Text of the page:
Double Dummy Corner

Competition Problem 137b

adapted from a problem by George Coffin by Paolo Treossi
presented for solving in July 2016

 DR1 ♠ 987 ♥ J10943 ♦ K5432 ♣ none ♠ 10 ♥ 8765 ♦ QJ10 ♣ AKQ32 ♠ QJ ♥ AKQ2 ♦ 987 ♣ 8765 ♠ AK65432 ♥ none ♦ A6 ♣ J1094

Successful solvers: Alexander Baranovitch, Steve Bloom, Ian Budden, Ankush Mandal, Leigh Matheson, Radu Mihai, Sebastian Nowacki, Prahalad Rajmukar, A.V. Ramana Rao, Zoran Sibinović, F.Y. Sing, Andries van der Vegt, Dick Yuen, Wim van der Zijden       Tables

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Solution

South wins with the A and leads the J, covered by West and ruffed by North, who leads the J, covered by East and ruffed by South, who leads the 10, covered by West and ruffed by North, who leads the 10 … and this process continues until this position is reached with South on lead:

 ♠ none ♥ 43 ♦ K543 ♣ none ♠ 10 ♥ 8 ♦ J10 ♣ 32 ♠ QJ ♥ 2 ♦ 98 ♣ 8 ♠ AK65 ♥ none ♦ 6 ♣ 4

South runs the remaining spades for a simultaneous double squeeze.  On the last spade West has to discard a diamond to keep a guard against North’s heart loser, so North discard that loser and East is squeezed in the minor suits.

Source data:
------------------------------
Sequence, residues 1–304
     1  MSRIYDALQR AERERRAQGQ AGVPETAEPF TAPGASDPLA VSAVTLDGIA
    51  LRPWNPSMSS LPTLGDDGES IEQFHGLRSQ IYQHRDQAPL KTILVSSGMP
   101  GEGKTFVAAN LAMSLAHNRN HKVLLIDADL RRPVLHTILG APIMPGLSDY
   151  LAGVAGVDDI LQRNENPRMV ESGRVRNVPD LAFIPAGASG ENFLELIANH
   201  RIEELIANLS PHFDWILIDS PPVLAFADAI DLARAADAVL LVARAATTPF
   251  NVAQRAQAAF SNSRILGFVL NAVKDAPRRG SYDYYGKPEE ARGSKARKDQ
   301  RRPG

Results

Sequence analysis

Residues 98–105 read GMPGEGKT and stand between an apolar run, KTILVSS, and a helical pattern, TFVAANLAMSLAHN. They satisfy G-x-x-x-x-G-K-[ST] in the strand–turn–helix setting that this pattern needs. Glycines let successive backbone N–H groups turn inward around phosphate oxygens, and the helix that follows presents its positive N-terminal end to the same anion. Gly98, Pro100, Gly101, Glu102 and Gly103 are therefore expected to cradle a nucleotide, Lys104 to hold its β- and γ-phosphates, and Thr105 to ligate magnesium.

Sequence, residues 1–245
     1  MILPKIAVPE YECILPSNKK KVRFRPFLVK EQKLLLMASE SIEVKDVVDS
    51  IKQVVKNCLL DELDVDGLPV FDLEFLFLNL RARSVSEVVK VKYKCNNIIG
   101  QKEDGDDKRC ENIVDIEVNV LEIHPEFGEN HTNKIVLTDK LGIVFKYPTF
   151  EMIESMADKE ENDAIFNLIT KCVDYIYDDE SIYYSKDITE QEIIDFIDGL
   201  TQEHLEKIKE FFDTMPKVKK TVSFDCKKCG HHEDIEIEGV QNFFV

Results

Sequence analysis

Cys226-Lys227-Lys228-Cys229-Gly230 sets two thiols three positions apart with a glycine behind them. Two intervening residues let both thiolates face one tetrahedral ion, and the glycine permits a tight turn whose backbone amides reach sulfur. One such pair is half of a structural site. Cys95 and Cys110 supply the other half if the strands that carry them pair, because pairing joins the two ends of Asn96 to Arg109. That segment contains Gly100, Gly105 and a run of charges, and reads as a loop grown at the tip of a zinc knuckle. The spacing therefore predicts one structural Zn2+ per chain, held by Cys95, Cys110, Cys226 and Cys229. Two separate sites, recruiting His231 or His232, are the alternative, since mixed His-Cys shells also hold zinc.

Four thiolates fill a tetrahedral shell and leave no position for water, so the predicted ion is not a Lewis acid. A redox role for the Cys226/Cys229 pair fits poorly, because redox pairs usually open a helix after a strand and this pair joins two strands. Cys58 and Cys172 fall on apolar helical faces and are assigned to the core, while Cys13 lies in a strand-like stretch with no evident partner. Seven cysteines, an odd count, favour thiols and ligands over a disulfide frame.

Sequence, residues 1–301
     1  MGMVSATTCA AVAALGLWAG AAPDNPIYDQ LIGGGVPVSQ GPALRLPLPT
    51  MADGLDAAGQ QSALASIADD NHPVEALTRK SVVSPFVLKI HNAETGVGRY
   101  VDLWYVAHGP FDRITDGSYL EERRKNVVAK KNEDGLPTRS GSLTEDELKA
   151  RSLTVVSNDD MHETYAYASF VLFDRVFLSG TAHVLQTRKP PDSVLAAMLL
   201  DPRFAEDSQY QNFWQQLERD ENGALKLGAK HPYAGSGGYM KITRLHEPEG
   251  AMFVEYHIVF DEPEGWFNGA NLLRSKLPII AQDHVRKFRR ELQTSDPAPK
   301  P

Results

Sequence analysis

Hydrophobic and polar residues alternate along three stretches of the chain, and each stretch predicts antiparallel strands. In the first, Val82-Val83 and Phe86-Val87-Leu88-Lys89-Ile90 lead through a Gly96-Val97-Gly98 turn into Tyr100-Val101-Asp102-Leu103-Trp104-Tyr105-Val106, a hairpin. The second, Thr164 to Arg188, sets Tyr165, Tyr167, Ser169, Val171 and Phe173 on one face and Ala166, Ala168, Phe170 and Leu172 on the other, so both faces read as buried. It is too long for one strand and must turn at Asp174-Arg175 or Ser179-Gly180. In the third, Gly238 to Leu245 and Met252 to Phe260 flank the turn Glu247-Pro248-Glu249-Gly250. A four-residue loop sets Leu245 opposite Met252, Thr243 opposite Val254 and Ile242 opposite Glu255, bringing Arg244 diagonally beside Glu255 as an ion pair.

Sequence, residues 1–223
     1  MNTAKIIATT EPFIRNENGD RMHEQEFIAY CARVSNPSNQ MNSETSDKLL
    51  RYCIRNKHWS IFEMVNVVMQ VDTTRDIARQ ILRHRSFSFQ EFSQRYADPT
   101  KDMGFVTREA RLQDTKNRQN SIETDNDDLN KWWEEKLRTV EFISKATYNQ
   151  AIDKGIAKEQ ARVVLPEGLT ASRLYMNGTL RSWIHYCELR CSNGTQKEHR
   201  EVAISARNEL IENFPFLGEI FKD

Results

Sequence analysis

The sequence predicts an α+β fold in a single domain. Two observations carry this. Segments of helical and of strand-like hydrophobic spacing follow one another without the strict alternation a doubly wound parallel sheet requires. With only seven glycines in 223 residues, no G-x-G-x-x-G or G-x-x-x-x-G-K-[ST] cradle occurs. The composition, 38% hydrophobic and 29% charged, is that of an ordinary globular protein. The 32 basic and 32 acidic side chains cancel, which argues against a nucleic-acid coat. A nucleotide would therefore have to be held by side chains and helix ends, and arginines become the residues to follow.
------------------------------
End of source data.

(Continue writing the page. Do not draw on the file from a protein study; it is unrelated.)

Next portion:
The cross-ruffing in clubs and hearts has the effect of transferring the guard in each of those suits, from one defender to the other.  Woe betide any writer who calls it “transferring the menace” or “isolating the guard”.  The menaces, so called because they threaten to win a trick if the suit is discarded from by the opposition, are North’s low hearts and South’s low club, and they are so throughout the play.  Isolating a guard refers to, for example, what happens in the above ending when West is forced to discard a diamond, isolating the guard in that suit in the East hand.  It can happen in preliminary play when declarer holds something like Ax opposite Kxxx, when three rounds of the suit, South ruffing the third, leaves one opponent in sole control of the suit.

See the solution to Competition Problem #4 for the recommended tabular format if you prefer not to write in English prose.

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